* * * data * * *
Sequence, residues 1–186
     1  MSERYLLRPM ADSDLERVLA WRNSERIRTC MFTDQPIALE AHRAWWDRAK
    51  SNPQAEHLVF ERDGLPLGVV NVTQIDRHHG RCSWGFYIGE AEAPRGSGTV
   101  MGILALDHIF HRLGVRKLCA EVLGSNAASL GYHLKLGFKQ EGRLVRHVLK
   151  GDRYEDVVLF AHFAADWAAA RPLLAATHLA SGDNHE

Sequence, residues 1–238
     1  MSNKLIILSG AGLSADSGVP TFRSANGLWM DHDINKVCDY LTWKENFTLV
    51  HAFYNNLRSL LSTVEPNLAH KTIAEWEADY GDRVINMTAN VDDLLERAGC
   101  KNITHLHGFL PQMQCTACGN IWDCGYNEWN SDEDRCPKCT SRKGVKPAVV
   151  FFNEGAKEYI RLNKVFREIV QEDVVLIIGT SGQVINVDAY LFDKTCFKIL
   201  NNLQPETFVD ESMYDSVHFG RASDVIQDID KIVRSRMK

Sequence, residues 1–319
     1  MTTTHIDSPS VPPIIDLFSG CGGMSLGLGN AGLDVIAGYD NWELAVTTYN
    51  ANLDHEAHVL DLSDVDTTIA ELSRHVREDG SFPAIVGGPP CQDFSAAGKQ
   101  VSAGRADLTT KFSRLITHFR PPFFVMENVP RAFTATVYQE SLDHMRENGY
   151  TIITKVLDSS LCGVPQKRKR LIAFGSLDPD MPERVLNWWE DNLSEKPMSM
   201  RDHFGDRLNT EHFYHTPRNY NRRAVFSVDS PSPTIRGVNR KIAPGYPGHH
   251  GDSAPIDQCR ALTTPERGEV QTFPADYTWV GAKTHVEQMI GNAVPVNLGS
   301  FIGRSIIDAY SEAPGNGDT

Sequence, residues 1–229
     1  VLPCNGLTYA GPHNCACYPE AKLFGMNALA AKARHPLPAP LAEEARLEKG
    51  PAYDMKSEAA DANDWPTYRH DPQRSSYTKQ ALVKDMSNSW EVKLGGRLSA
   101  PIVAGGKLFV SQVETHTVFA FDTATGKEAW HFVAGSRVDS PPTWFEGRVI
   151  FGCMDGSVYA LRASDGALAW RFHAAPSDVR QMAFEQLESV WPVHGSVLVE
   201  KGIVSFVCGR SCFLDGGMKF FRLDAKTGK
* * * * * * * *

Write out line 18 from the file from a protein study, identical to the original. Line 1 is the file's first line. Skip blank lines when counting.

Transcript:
   251  GDSAPIDQCR ALTTPERGEV QTFPADYTWV GAKTHVEQMI GNAVPVNLGS